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Having lived the Financial Services Bill for the past three months I find myself now reflecting, not just on the clauses, amendments, debates, and discussions, but more on the essence of financial services themselves and the way this impacts the two areas I am most involved with – fintech and financial inclusion. 

I have found myself asking what is the purpose of financial services? What, and who, are financial services for and what is our role as legislators in ensuring technology – particularly the emerging technologies of the 4ir – are applied for the greatest benefit of both citizens and state. 

In today’s world it is difficult to see how you can function without basic financial services – and these services, whether bank accounts, access to credit, mortgages, insurance, should be enabling, empowering, unleashing potential. Access to financial services – financial inclusion – should be a citizen right.

It is unquestionably positive that we have not one but two Ministers for financial inclusion, in the fine forms of Guy Opperman and John Glenn. This enables horizontal work streams to be led across Whitehall and the launch of the Breathing Space scheme, giving those facing financial difficulties 60 days to receive debt advice and support, is an incredibly welcome and positive initiative. But with millions still finding themselves at the sharp end of exclusion, we must do more. We need a deeper, whole of Government, and beyond, financial inclusion strategy.

I put forward several amendments to the Bill to this end. One amendment was, for the Bank of England’s Financial Policy Committee (FPC), an objective to monitor and act on financial exclusion. The Bank has such a fantastic reputation, respected throughout the UK and revered around the world. It has the potential to play a key leadership role in respect of financial inclusion. 

I suggested a similar amendment for the regulator. A financial inclusion objective for the Financial Conduct Authority (FCA) seems sage. The FCA’s consumer protection objective would certainly be strengthened through a greater focus on financial inclusion. Together with the Bank’s FPC this would provide a brace of regulatory activity to the purpose of inclusion. Not, in the end, incorporated into the Bill, but none of this disappears or falls away, it lives on, until the next legislative opportunity to push for change.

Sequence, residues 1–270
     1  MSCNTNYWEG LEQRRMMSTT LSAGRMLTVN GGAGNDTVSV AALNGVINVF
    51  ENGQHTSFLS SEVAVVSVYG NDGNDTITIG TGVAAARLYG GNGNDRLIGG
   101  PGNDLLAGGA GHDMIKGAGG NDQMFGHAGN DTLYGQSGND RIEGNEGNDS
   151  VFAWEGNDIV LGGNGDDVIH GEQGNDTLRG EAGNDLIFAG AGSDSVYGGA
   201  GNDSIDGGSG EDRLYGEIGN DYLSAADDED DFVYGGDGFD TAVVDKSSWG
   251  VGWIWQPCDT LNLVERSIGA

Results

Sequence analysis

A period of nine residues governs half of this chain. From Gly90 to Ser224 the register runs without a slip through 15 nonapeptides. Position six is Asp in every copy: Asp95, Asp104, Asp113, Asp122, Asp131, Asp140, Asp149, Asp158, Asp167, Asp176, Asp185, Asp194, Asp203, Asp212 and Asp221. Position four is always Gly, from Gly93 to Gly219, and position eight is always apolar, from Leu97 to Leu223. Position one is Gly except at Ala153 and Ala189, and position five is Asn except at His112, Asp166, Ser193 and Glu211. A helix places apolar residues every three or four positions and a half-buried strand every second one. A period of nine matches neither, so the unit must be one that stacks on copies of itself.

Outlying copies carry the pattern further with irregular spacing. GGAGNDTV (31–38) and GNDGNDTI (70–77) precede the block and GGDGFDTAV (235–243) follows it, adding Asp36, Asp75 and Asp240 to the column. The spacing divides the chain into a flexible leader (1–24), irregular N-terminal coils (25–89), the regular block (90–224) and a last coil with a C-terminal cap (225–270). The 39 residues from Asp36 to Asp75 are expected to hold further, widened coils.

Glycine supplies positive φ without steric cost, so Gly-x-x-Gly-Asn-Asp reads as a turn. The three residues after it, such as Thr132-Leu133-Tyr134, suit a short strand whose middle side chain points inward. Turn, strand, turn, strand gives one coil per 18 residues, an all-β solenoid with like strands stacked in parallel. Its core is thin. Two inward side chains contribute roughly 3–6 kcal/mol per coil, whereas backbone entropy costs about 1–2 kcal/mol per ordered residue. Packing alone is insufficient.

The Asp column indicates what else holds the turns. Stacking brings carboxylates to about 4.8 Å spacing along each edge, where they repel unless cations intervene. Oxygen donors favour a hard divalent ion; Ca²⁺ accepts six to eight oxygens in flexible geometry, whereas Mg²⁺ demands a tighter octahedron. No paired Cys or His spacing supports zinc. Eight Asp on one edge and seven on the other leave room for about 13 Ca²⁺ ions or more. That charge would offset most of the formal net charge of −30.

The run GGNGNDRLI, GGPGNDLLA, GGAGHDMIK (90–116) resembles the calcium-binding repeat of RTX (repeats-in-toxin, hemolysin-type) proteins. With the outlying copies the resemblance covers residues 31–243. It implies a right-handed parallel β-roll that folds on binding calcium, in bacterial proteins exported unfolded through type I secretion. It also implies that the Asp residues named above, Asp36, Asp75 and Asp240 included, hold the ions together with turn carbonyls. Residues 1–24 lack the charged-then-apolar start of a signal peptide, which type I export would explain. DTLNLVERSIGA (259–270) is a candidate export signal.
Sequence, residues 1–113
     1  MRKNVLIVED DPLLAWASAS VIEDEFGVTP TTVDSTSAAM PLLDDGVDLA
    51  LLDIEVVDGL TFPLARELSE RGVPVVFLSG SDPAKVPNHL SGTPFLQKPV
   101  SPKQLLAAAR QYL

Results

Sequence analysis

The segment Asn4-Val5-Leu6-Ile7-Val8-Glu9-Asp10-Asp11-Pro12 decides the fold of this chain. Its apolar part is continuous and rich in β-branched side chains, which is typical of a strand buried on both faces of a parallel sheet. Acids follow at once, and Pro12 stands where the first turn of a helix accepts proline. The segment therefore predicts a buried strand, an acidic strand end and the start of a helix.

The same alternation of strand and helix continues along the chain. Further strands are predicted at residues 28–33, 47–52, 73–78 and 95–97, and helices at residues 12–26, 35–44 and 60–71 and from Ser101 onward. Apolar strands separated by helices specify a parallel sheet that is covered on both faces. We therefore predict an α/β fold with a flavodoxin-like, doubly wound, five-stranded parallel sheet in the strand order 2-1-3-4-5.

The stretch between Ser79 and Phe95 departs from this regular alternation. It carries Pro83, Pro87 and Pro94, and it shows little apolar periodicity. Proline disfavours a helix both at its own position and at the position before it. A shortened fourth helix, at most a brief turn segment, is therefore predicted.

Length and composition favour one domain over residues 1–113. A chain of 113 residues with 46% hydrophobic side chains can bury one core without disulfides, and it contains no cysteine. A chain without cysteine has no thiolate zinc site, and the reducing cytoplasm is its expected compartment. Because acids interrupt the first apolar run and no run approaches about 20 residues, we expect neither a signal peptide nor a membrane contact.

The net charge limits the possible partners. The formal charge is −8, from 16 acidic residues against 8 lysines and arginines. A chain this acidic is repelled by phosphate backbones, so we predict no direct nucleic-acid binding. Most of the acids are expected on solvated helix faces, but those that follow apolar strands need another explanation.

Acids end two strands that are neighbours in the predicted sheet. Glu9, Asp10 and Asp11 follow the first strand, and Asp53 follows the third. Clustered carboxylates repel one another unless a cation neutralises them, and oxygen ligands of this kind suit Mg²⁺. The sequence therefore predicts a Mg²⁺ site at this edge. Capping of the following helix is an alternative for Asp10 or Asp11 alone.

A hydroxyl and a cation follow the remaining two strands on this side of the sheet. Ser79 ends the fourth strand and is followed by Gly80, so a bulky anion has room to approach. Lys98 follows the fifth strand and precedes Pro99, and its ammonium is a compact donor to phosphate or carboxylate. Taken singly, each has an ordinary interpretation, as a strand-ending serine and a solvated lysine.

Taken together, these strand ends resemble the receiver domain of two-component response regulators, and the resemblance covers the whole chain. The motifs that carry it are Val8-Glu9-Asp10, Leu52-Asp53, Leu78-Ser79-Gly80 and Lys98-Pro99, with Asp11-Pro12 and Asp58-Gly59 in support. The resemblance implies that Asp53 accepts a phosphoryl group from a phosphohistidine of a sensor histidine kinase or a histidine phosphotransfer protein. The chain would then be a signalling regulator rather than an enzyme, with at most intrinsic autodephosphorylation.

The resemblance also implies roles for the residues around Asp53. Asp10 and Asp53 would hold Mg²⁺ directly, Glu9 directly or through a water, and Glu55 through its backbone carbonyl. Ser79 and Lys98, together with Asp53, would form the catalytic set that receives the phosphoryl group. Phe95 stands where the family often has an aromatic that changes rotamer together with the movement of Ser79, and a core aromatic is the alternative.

I put forward several other amendments related to specific emerging technologies such as a proposal that FS organisations using artificial intelligence (AI) have an AI officer; that the Government commit to pilots of distributed ledger technology for transaction reporting; take action on a distributed digital ID; central bank digital currency (CBDC); open finance and other digital infrastructure. Again, the time or place was not quite right for these proposals, and on some points the Chancellor has acted, announcing a joint CBDC taskforce and a Centre for Finance, Innovation and Technology (CFIT), but the arguments have been made and I will continue to make them.

Happily, one of my amendments was supported by the Government. The ability to get cashback without a purchase is now, following Royal Assent, part of a new Act of Parliament. Whilst I am a passionate advocate of technology in FS, I am aware of the way so often digital exclusion and financial exclusion can go hand in hand. 

The pandemic has accelerated a trend towards online banking – in many ways an incredibly positive development – but one that also contributes to the forces weakening our cash infrastructure. For those who need, or want, to use cash it is getting harder and more expensive to get hold of. My change to the law seeks to address that problem. 

Small remote retailers and businesses are now enabled to offer cashback without a purchase. I drew the amendment deliberately permissively so as also to allow innovation. For example, in the form of third-party business, now able to offer the service via a group of retailers, a high street, a village, local community and so on. This small change in the law will improve inclusion, be good for individuals, good for communities, good for business and our collective Covid build back. Cashback for a better build back.

What the Financial Services Bill has taught me is how much business, not least the financial services business, is all our business. As it is in the public services, it is us, all of us who put the money in. We have to care how it is directed and deployed, and how inclusion, financial yes, but inclusion in all its bright, brilliant diverse forms runs right through it all. 

Inclusion, something well worthy of the title, golden thread. A golden thread capable of delivering on that gold, that cash, those stable coins, crypto assets, CBDCs. Financial instruments in symphony for the benefit of individuals, businesses, communities, cities, and our country.   

Lord Holmes of Richmond MBE is Vice Chair of several APPGs.  He has co-authored a series of reports for Lords Select Committees as well as a report on ‘Distributed Ledger Technology for public good: leadership, collaboration, innovation.’ Read more about Chris’s amendments to the Financial Services Bill on his blog. Views expressed in this article are those of the author, not necessarily those of Bright Blue. [Images: UK Parliament and Colin]